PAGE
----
Narvik harbour WW2
The battles of Narvik at WW2
The Battles of Narvik
The infantry wars in the mountains around Narvik
The feature film "Narvik" is under production
Take the opportunity to see the premier at Narvik cinema soon!
The premiere has been postponed to an unknown date.
The small port town of Narvik, which served as a shipping port for the valuable iron ore from Sweden, ended abruptly and inadvertently in the middle of the line of fire when World War II broke out. The iron ore was crucial for the German armor industry and both Hitler and Churchill were painfully aware that the one who wins the iron ore, wins the war.
In 62 days, 64 ships were sunk and 86 aircrafts shot down. 8,500 soldiers were killed and the relentless climate north of the Arctic Circle placed inhuman demands on both soldiers and civilian. The infantry wars in the mountains around Narvik were characterized by blizzards, cold and lack of equipment and supplies. From the sea, warships and submarines with torpedoes, artillery and bombs ravaged. And in the middle of these two fronts, Narvik’ s civilian population was trapped, with no opportunity to escape.
But through the brutal battle of Narvik, the Allies succeeded in proving that the overwhelming German war machine could be overcome. President Roosevelt summed it up best in his famous 1942 speech: Look to Norway, he said, but what he really meant was probably: Look to Narvik.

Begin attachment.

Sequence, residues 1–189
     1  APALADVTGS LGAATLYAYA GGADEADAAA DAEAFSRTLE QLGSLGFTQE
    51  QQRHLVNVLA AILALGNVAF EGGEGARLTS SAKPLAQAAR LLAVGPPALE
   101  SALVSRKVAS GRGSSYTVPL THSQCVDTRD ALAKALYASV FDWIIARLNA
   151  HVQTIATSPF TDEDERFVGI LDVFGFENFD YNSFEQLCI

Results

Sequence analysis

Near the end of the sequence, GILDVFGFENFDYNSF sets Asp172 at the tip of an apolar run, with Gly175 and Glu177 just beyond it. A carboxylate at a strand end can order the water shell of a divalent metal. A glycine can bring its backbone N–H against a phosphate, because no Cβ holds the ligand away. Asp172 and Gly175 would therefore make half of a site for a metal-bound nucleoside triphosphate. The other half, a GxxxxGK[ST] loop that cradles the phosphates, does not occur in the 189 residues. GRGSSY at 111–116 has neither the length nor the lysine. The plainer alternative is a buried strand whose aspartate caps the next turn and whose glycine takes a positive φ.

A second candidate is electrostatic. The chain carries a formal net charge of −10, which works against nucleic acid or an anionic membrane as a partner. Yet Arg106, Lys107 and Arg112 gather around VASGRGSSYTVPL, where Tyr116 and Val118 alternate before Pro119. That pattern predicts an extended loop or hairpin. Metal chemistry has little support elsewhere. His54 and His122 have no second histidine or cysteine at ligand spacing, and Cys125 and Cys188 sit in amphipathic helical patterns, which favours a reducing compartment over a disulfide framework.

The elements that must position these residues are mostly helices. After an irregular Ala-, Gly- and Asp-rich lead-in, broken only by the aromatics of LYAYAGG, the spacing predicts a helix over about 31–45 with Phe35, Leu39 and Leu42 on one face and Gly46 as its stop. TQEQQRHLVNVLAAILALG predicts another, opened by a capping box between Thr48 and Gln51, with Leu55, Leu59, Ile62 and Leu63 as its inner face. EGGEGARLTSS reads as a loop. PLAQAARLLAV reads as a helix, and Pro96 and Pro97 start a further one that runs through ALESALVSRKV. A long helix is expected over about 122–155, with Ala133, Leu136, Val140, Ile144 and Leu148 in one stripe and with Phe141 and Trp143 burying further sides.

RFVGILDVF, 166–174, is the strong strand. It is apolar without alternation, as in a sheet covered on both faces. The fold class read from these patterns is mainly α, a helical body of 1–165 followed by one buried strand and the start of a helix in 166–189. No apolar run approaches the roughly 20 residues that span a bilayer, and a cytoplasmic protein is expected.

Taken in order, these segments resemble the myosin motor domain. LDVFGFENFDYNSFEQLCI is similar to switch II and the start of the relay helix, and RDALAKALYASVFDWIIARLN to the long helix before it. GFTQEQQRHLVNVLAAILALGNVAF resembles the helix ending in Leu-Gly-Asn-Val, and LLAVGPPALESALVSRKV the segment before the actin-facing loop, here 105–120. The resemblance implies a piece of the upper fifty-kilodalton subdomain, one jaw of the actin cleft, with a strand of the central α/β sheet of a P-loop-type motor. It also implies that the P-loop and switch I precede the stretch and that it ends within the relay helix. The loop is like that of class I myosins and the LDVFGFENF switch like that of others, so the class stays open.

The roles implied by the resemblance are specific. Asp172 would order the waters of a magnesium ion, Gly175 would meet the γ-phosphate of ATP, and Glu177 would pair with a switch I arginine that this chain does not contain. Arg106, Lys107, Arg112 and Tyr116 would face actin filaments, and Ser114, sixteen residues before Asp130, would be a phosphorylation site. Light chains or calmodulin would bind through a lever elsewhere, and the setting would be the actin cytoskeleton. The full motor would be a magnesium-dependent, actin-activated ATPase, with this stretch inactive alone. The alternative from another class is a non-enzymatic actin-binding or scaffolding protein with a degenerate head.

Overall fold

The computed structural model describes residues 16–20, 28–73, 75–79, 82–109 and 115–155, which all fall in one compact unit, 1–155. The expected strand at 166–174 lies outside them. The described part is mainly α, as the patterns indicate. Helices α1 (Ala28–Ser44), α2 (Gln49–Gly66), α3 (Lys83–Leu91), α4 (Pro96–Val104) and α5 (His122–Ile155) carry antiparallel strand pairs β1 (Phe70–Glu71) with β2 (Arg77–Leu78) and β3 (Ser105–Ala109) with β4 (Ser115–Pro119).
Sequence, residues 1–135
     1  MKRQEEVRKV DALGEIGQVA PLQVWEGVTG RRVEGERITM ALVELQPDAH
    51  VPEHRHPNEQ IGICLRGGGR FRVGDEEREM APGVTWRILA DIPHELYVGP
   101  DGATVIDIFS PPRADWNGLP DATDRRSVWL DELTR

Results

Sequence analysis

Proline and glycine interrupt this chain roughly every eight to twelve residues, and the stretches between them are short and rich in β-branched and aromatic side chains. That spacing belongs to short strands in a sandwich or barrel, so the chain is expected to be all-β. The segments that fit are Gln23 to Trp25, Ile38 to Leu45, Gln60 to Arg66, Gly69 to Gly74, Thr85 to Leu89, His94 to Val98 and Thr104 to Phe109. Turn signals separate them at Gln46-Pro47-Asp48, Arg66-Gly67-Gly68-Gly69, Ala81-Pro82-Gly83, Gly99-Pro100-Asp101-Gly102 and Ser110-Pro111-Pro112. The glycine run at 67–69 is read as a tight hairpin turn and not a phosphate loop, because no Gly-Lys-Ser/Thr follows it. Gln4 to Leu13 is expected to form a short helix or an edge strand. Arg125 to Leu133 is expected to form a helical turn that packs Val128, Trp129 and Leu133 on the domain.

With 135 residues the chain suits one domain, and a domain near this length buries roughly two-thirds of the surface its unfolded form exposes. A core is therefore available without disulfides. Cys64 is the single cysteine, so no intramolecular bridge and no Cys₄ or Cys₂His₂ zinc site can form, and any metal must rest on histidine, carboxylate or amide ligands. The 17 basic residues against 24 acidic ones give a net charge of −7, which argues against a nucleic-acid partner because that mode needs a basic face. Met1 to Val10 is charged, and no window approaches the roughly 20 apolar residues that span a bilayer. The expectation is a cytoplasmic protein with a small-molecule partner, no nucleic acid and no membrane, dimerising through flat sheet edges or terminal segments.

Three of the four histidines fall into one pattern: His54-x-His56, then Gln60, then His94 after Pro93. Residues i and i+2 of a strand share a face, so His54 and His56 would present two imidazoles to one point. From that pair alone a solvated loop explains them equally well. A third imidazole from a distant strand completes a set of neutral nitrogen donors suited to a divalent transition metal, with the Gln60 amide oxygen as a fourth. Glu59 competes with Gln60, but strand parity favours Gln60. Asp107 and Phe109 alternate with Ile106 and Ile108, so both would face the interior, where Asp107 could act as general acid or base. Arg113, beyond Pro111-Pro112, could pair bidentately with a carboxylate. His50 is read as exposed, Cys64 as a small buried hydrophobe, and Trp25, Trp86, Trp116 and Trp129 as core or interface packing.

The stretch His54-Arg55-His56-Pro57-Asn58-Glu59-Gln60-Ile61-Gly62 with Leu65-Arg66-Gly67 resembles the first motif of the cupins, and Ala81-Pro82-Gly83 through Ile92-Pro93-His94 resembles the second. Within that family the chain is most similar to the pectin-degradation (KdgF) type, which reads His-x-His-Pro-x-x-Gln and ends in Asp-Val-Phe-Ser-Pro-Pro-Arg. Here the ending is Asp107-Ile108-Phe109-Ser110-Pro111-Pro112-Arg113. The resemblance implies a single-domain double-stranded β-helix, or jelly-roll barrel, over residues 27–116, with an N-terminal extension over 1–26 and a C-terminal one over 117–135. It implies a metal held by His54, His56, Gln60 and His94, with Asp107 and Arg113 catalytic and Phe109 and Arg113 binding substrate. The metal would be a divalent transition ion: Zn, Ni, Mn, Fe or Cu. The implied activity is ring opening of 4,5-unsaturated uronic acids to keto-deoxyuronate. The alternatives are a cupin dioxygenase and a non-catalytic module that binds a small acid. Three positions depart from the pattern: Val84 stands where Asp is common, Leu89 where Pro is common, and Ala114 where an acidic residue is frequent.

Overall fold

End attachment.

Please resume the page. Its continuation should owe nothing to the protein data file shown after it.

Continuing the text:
The feature film “Narvik” aims to portray both the military and the civilian side of the two intense months of spring 1940, when more than 25,000 Norwegians and Allied soldiers fought side by side against the Germans.
Nordisk Film Production and Storyline Nor are the major investors in this big film production. The main producer is Aage Aaberge, one of Norway’s most experienced feature film producers, known for the big films Kon-Tiki and Den 12.mann. Director is Erik Skjoldbjærg, well known for Insomnia, NOKAS, Pyromanen and the TV series Occupied.
- An under-communicated, northern Norwegian chapter in Norway’s war history will finally get the format it deserves – and hopefully also a place in common, national consciousness, says producer Aage Aaberge.
The film has a budget of 63,2 million Norwegian kroner, and has received 15 million in support from the Norwegian Film Institute.